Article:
A letter of intent is a low-cost way to outline the key commercial requirements of a transaction and provide favorable terms for reviewing the remaining terms and signing the contract. Before beginning the negotiation process, you can use such a document to identify any aspects of the transaction's violation. It is worth contacting specialized specialists to help you speed up the process and prepare a high-quality document when negotiating an agreement of intent. Our team of specialists is always available to advise you and accompany you through the transaction.

Each transaction party must prepare to sign a letter of intent within their organization, which will allow them to reach internal agreements on key terms of the agreement. Before signing letters of intent, managers, for example, must obtain approval from senior management and the organization's lawyer. This document can help the parties persuade third parties of their serious intentions and avoid confusion for other transaction participants at various stages.

An agreement of intent may obligate the parties to fulfill the transaction's necessary conditions, such as obligations for a full inspection, cost reimbursement, fair negotiation, and more.

Letters of intent make it easier to work on the contract's final version. You can keep track of the outcomes of each negotiation after the meeting. The document may include nuances that will suit both parties, aspects that will not suit both parties, and issues that are still being considered.

Rules for drafting a letter of intent

An agreement of intent can be drafted for a variety of purposes, including:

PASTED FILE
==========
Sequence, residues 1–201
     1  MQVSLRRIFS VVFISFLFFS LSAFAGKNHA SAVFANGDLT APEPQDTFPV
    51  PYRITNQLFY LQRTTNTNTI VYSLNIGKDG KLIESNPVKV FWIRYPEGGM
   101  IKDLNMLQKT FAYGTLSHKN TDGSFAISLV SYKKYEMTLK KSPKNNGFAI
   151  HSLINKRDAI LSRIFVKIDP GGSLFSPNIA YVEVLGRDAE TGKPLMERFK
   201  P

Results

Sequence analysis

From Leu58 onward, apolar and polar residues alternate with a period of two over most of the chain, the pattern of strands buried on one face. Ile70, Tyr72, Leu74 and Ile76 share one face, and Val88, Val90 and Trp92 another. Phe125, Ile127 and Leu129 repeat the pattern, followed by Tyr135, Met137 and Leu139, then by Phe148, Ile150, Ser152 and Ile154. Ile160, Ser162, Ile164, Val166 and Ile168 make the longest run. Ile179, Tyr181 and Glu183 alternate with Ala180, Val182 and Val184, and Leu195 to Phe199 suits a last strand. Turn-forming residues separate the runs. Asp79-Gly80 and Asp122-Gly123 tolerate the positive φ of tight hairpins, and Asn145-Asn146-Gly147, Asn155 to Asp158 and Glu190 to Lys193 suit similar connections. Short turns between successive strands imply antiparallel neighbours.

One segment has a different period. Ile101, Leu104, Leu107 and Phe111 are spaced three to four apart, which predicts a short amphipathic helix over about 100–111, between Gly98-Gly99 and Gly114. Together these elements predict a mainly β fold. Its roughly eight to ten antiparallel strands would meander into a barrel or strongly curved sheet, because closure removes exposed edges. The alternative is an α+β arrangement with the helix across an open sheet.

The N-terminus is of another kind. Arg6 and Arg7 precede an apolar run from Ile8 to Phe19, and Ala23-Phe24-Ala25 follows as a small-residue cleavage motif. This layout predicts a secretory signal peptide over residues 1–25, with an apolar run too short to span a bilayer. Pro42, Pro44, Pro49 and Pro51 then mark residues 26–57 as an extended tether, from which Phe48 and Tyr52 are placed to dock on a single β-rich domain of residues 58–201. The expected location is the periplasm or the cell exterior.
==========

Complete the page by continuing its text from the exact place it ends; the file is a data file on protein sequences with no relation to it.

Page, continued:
• contract terms; 
  • partnerships; 
  • leasing; 
  • purchase and sale of goods and real estate.

The following items are required for writing a letter of intent:

  • Demonstrate that the letter is not legally binding.
  • Personal information about the parties
  • All activities must be carried out in order to reach a final agreement.
  • Provisions that must be verified through transaction due diligence.
  • Details on why the parties are negotiating and their strategy.
  • All information must be kept private.
  • Negotiate exclusive rights.
  • Legal jurisdiction is used to resolve business disputes.
  • A completion date and identification of the party who will include the LOI in the agreement.

Before one of the parties signs the final contract, the preliminary conditions for drafting an agreement of intent must be met. Permission from regulatory agencies, for example, may be required, or a third party may be required to enter into another transaction or contract. It is generally accepted when developing a letter of intent that the transaction must be approved by the company's shareholders or partners. Another such condition is that one of the parties may conduct transaction due diligence (DD).